Warning lights are blinking bright red everywhere
Just a few months ago it appeared that COVID and vaccine mandates were going to be the biggest issues for the November 2022 elections.
It now appears that this perspective will seem quaint.
Even if we don't get into a shooting war with Russia (which our news media is thirsting for), we appear to be destined for a brutal economic shock that will dominate over every other concern this fall. I wouldn't be surprised if the political campaigns have only two topics: Russia and the economy.
I'll start with the oldest, largest, and most painful problem for the working class - housing.
U.S. home prices rose by 18.8% in 2021, according to the Case-Shiller U.S. National home Price Index. Yet real residential fixed investment fell in the second and third quarter of 2021 and was essentially unchanged in the fourth quarter. Homebuilders are trying to build more homes, but the housing supply chain still hasn’t been able to increase production to match. On a seasonally-adjusted basis, completions of single-family homes have been unchanged since August 2018.
Rents in some cities went up 40% last year, and are rising at the fastest rate ever.
So housing is getting increasingly unaffordable at an accelerated rate, while the supply chain is preventing developers from building more. Just this item alone is enough to cause social unrest.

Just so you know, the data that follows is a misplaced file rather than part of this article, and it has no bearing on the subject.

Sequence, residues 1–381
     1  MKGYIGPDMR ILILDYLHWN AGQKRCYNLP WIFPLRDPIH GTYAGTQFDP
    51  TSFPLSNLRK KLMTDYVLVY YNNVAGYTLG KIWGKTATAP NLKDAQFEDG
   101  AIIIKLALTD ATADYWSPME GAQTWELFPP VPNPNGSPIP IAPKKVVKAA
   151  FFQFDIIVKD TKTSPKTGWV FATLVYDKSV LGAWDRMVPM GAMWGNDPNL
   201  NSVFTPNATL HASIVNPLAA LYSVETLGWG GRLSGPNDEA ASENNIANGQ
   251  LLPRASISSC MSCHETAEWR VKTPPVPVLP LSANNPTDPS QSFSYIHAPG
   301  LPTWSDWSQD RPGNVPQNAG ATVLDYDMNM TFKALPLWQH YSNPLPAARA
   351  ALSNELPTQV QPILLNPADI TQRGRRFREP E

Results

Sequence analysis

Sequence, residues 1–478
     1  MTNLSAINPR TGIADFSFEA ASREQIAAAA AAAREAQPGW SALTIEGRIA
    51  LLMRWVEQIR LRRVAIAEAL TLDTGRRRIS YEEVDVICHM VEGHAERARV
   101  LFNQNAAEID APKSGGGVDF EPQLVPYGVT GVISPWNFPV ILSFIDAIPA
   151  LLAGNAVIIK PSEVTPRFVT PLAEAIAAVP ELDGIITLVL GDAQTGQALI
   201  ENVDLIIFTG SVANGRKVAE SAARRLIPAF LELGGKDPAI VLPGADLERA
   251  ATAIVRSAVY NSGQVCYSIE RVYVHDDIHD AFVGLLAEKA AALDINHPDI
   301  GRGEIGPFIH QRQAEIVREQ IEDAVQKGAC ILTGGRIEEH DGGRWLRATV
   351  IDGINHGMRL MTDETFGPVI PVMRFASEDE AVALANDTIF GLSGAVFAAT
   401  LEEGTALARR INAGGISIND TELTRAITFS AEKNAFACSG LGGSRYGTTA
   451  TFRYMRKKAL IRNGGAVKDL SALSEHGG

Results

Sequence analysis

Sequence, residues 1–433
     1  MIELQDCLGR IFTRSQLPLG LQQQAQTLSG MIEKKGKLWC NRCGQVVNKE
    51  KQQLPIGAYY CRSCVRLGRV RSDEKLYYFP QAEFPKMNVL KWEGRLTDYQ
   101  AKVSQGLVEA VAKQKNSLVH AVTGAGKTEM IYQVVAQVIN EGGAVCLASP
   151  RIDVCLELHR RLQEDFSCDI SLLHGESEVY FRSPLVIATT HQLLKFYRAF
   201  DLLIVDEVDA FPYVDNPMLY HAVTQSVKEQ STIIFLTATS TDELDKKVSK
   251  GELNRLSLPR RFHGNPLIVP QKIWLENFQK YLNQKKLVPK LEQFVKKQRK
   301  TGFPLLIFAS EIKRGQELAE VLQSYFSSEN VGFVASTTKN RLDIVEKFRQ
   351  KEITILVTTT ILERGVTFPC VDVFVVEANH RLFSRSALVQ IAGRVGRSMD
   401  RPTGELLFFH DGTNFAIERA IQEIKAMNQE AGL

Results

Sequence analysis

We can't build our way out of this, and we can't keep doing what we are doing. Yet our political leaders have no intention of making the reforms in the tax code that would alleviate the stress.
Poor people all over the planet were going hungry.
And then the REAL bad news hit.
Ukraine and Russia are both major exporters of basic foodstuffs, and the war has already hit crop production, driving up prices
Mr Beasley said it was putting more people at risk of starvation worldwide.
"Just when you think hell on earth can't get any worse, it does," he said.
Russia and Ukraine, once dubbed "the breadbasket of Europe", export about a quarter of the world's wheat and half of its sunflower products, like seeds and oil. Ukraine also sells a lot of corn globally.
Analysts have warned that war could impact the production of grains and even double global wheat prices.
Mr Beasley told BBC World Service's Business Daily programme that the number of people facing potential starvation worldwide had already risen from 80 million to 276 million in four years prior to Russia's invasion, due to what he calls a "perfect storm" of conflict, climate change and coronavirus.
To make matters worse, Ukraine’s government has banned the export of wheat, oats and other staples.
Egypt is banning the export of wheat, flour, lentils, and pasta.
Indonesia is banning the export of palm oil.
Serbia announced on Wednesday it will ban exports of wheat, corn, flour and cooking oil as of Thursday to counter price increases while Hungary banned all grain exports last week.